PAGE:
Stuart Slade’s Cans, currently playing at Theatre 503, is both intriguing in its theme and tender in its approach. It focuses on a subject matter that, in its details relates to recent collective preoccupations (I won’t say more for fear of spoilers), but in its core is old and universal and inexhaustible: Do we ever know the people we love? And how do you renegotiate love in the context of grief and the absence of the other person?
It’s also framed in the lovely and rich relationship between uncle and niece, and we don’t have enough of those in theatre (Uncle Vanya alone can’t carry it and Claudius will never win Uncle of the Month). Uncles, aunts, nephews and nieces is special fertile ground, free, unpredictable and a little bit naughty, full of trust but devoid of unnecessary tension.
Stuart Slade and director Dan Pick take these ingredients, and work up something robust and tender: they delicately construct revelations throughout the play, at the same time as they keep it true and real, which in this case means messy and a bit dark and inappropriately funny. The relationship is truthful and can withstand all contradictions in its core: jokes that bomb and ones that don’t, one-liners, stumblings and falls, difficult confessions and vulnerable moments. The language is lithe and impressively effortless: it’s not often you get the adjective “Auschwitz-y” in a play, furthermore it’s not often that this would feel right.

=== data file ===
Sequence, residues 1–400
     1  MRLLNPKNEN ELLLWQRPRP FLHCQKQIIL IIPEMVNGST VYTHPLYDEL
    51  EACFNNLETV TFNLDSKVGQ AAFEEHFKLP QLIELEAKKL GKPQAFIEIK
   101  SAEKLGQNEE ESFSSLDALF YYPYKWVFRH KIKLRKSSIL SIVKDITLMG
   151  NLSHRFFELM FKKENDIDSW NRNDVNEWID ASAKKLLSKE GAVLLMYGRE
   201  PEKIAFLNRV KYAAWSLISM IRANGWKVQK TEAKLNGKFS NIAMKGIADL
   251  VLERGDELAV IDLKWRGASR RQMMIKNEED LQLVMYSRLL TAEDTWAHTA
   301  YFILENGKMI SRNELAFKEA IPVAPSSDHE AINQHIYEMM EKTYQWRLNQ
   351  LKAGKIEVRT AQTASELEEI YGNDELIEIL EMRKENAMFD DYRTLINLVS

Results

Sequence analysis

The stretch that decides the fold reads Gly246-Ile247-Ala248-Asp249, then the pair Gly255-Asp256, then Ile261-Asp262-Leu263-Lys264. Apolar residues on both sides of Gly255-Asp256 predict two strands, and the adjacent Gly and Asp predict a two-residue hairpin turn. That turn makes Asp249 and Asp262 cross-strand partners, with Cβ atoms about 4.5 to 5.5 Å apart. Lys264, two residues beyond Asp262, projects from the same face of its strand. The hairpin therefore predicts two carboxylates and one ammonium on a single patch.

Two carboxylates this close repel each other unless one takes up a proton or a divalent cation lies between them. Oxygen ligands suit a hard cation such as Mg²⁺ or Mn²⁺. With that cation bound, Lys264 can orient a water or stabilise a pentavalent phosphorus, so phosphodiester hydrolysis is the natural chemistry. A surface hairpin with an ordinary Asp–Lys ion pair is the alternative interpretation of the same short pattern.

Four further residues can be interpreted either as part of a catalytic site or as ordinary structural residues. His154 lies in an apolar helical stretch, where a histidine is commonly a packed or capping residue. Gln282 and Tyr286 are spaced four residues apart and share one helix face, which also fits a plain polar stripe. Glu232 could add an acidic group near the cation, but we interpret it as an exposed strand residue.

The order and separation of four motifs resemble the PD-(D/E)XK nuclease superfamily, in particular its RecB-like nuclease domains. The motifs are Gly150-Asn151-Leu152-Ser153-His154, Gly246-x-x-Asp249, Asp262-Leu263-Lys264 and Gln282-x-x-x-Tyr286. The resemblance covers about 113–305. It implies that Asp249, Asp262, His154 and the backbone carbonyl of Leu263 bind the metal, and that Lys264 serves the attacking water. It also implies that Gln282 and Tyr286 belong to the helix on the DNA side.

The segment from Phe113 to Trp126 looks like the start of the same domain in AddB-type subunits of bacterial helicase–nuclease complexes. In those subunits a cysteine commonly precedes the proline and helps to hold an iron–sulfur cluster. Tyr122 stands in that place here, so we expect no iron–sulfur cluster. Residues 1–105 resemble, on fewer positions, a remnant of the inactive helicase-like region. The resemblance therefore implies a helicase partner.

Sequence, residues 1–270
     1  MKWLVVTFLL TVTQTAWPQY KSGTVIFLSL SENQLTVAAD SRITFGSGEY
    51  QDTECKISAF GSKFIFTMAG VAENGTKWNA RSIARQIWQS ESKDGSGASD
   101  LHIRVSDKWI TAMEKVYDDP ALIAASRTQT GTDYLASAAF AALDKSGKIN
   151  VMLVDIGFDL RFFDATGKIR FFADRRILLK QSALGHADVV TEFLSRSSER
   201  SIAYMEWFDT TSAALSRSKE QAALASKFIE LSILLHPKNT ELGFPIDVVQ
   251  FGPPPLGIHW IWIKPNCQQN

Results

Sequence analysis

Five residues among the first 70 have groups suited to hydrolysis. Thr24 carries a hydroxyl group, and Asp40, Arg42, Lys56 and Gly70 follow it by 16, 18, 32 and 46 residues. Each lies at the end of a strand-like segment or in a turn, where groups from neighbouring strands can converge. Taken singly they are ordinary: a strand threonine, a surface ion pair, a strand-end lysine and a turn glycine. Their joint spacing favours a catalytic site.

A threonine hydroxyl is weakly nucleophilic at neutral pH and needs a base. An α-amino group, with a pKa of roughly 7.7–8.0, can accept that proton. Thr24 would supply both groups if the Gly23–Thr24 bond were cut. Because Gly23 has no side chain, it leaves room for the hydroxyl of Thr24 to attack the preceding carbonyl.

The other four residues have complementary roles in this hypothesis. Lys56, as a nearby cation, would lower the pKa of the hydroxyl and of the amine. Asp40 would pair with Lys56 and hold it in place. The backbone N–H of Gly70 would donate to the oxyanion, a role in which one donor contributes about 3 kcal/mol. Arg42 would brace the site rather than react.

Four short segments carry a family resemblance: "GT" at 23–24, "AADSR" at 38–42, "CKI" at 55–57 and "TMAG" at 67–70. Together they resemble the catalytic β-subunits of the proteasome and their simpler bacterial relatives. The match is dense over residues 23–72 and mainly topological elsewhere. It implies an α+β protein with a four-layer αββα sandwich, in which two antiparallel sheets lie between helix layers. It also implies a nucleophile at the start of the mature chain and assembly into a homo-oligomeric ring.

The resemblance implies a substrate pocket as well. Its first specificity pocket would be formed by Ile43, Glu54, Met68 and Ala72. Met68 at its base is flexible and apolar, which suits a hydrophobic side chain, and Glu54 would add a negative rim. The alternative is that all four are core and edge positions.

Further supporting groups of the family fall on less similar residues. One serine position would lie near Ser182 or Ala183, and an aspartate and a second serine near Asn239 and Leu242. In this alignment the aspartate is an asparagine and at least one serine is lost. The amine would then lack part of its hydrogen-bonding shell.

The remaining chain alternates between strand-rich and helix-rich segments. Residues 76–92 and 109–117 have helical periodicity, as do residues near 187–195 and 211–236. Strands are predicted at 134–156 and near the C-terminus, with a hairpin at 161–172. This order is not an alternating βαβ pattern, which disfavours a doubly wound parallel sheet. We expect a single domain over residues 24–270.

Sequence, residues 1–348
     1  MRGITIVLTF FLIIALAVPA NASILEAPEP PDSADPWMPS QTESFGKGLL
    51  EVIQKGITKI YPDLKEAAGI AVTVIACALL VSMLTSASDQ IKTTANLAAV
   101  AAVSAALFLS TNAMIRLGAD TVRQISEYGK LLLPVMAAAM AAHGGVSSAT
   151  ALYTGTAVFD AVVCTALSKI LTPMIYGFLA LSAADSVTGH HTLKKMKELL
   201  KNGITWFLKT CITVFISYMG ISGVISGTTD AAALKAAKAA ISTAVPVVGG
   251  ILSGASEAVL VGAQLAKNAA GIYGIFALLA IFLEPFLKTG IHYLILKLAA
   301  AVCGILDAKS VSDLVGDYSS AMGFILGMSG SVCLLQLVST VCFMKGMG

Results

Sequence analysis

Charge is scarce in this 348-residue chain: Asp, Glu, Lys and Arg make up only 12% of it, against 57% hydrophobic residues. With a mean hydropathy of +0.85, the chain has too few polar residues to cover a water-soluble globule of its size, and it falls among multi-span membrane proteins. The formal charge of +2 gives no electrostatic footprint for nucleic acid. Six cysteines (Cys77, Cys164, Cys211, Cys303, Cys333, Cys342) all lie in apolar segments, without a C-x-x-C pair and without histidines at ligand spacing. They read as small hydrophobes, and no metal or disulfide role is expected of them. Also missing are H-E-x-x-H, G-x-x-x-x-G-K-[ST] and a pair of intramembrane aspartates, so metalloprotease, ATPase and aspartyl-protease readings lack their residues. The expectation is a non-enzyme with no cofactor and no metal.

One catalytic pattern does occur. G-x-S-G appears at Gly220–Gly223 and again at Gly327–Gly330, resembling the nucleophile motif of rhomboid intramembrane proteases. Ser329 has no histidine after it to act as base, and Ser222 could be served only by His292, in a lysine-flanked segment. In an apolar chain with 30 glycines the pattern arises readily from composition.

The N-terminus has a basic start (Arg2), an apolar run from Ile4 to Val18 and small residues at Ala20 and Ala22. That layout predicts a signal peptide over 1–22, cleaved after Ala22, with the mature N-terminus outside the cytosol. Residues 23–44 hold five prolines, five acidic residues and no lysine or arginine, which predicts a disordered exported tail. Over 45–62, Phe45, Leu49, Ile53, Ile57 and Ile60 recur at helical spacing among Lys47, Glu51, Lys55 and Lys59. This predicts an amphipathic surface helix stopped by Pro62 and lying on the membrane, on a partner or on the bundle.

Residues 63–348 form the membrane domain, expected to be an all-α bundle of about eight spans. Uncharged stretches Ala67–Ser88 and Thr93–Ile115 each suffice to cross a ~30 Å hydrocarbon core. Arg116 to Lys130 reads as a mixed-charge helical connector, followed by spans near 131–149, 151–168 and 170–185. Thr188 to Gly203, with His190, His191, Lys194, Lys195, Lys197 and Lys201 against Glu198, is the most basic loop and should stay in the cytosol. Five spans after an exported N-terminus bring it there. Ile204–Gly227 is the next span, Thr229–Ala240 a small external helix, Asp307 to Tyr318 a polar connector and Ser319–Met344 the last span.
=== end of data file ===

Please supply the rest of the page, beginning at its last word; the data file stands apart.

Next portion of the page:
Graham O’Mara has a looney toons face, which – combined with absolute commitment to the moment – shows Len for the expansive warm genuine person that he is, clown and confessor and high priest of mischief. Jennifer Clement as Jen moves in the opposite direction, her reactions existing in the immobility of grief and a contained kind of rage. It’s interesting and fitting these two approaches work so well together and the relationship blossoms in superficial tension and profound rapport.
The set is vibrant in its everyday detail, I particularly loved the discolouration left on the wall when pictures were taken down.
The only criticism I have of the play is it somewhat loses its way towards the end. Some of it is down to the subject matter. There are no easy answers to the questions raised, therefore the characters end up spinning on the spot, unable to move on. But somehow this seeps into the narrative and as a result the play loses some of its tautness towards the end. No matter, it’s a play that knows a serious subject, but also knows the unbearable lightness of being.
The Hamlet Challenge: Jen, as she looks at a copy of Hamlet: “Lucky fucker. At least he got to see his dad again after he died”.